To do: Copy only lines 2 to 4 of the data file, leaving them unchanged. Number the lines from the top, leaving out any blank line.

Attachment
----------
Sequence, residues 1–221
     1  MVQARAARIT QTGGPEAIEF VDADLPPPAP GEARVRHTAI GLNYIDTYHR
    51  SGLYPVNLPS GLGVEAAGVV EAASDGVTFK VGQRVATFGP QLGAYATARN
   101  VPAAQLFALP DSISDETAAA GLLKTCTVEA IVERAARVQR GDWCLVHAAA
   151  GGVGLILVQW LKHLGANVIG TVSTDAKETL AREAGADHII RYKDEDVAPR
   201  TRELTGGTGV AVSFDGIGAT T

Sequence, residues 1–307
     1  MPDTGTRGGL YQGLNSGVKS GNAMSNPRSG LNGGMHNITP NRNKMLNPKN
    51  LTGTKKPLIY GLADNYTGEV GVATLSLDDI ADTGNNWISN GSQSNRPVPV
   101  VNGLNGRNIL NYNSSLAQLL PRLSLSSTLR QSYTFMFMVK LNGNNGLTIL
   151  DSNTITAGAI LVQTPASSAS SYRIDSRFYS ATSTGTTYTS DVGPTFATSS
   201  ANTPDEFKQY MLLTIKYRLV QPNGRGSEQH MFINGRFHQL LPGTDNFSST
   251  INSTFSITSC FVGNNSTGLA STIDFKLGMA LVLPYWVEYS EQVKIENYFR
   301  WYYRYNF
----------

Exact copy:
     1  MVQARAARIT QTGGPEAIEF VDADLPPPAP GEARVRHTAI GLNYIDTYHR
    51  SGLYPVNLPS GLGVEAAGVV EAASDGVTFK VGQRVATFGP QLGAYATARN
   101  VPAAQLFALP DSISDETAAA GLLKTCTVEA IVERAARVQR GDWCLVHAAA